262 People, Nature, Technology: Built and Natural Environments in U.S. History
4, x Lerman

This course will focus on the ways people in North America — primarily in the area eventually claimed by the United States — have interacted with and sought to control their environments from the colonial era through the 20th century. As we explore these centuries, we will focus on a set of interrelated questions in a range of historical contexts: How have physical environments influenced human choices? How have human choices, assumptions, and cultural practices shaped physical environments? How have people at different places and times understood “nature” and their relationship to it? When do they see “nature” and when “natural resources” and when “technology,” what kinds of control have they found acceptable or problematic, and why? How and why have different Americans understood the role of government and the individual in relation to concepts of “property” or “natural resources” or the protection of “nature”? This course will make use of primary and secondary sources, and will emphasize reading, writing, and discussion as well as lecture.

268 Migration and Ethnicity in the US
x, 4 Lerman

Throughout the history of the United States, there have been people "already here" and people coming and going. Studying the history of groups and migrations, the experiences of movers and stayers, the ways groups have defined themselves and understood others... is studying US history, and its connections to other peoples and places. This course will explore changing categories of "us" and "them" through historical study of big issues: citizenship, freedom, democracy; race, ethnicity, labor systems; inclusion, exclusion, removal, integration; biology, culture, heritage. The focus will be on 19th and 20th centuries, concluding with a chance to consider 21st century issues in this long historical context.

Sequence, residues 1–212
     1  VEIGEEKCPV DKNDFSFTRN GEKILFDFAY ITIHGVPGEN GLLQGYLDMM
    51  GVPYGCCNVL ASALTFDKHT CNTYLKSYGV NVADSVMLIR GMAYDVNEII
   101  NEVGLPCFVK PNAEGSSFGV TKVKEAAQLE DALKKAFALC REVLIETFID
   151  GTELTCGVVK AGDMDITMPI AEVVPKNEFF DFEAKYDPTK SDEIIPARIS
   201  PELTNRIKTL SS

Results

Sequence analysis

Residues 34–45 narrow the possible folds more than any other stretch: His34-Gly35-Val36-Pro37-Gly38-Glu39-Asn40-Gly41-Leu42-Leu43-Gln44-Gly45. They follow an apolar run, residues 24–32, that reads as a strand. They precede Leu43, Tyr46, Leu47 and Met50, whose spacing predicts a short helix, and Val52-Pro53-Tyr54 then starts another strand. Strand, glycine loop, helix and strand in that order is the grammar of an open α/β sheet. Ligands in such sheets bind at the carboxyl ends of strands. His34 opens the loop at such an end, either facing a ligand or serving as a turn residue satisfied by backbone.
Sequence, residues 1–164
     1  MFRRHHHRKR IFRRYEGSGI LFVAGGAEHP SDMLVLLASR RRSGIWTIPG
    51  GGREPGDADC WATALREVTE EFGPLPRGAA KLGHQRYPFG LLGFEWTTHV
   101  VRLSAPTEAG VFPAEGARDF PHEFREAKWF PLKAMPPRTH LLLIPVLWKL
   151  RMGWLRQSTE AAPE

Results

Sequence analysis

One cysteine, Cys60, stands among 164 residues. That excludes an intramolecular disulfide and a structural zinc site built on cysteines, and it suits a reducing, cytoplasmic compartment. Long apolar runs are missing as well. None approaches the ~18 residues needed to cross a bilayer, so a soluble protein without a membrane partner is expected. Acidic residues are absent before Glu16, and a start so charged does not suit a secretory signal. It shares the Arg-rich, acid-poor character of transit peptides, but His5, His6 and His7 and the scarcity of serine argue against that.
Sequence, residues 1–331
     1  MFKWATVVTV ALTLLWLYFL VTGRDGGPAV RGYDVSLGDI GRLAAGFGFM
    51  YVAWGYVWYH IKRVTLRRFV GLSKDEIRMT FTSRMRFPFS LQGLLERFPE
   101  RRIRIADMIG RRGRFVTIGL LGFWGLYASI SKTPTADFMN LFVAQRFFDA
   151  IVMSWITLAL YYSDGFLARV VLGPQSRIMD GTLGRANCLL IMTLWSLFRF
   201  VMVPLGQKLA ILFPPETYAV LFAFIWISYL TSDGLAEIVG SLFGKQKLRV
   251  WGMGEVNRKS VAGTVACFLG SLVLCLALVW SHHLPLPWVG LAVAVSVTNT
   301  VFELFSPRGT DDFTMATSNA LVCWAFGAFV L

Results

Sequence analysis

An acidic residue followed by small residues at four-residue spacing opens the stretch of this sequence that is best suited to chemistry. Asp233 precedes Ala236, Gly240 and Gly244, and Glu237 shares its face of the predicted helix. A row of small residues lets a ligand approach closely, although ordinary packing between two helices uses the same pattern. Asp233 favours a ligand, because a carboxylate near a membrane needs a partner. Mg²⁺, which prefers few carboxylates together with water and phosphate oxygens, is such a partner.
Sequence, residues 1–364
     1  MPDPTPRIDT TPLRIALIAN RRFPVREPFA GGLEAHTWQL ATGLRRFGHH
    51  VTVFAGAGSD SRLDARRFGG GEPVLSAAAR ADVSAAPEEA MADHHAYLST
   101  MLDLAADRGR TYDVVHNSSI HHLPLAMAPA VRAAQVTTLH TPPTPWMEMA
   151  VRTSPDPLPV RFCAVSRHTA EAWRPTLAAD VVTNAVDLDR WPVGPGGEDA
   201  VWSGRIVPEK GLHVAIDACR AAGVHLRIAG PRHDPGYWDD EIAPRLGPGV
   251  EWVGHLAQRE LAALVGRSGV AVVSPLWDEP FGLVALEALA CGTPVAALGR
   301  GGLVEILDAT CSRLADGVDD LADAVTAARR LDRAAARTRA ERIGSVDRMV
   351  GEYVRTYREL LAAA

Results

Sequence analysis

277 Nineteenth–Century Europe, 1815-1914
x, 4 Sharp

The 19th century saw massive political, social, and technological change: from monarchies to democracies, from horse to rail to automobile; from a world of much illiteracy to one of daily newspapers and even telephones. Over the course of the century much of what is familiar in the world today was constructed. This course explores events and developments in Europe from the French Revolution to the end of the century, including industrialization, democracy and socialism, religious change and the rise of feminism, the expansion of Europe through imperialism, and the rise of racism and rightist nationalism at the end of the century that helped push nations into World War I. We’ll explore these developments in terms of their impact at the time and move toward an understanding of what legacy they left for the world today.

278 Twentieth Century Europe
4; not offered 2015-16

A social, cultural, and political history of Europe from World War I through the Fall of Communism in 1989. This course looks at the “Dark Century” of Europe: its (self) destruction in the First and Second World Wars and the Holocaust; its experiments with fascism, Nazism, and communism, and its attempts to overcome the past after 1945. The course looks at why Europeans were seduced by violence in the pre-1945 era and at how the post-1945 welfare state tried to answer earlier tensions. Significant time is spent on the early Soviet Union and Nazi Germany, but we also will look at social and cultural change in the post-1945 era, including decolonization and the rise of immigration to Europe. The class ends with a brief exploration of the Revolutions of 1989.

279 Special Topics in European History

A course which examines special topics in European history. Any current offerings follow.

279 ST: Ecologies and Economies in the Medieval World
x, 4 Long

In this course, students will engage with longstanding debates about the medieval environment, and will consider the history of the medieval world against the background of the region's ecology. We will explore aspects of life shaped by these factors like war and disease, but we will pay particularly close attention to trade and economic life. For natural resources or food, medieval peoples were in frequent movement, and the sources produced by these activities shed light on many features of life, including agriculture, slavery, and interactions between different religious groups. Students will investigate these issues through analysis of a wide range of documents, narratives, and even archaeological and material sources like coins and shipwrecks. Distribution area: social science.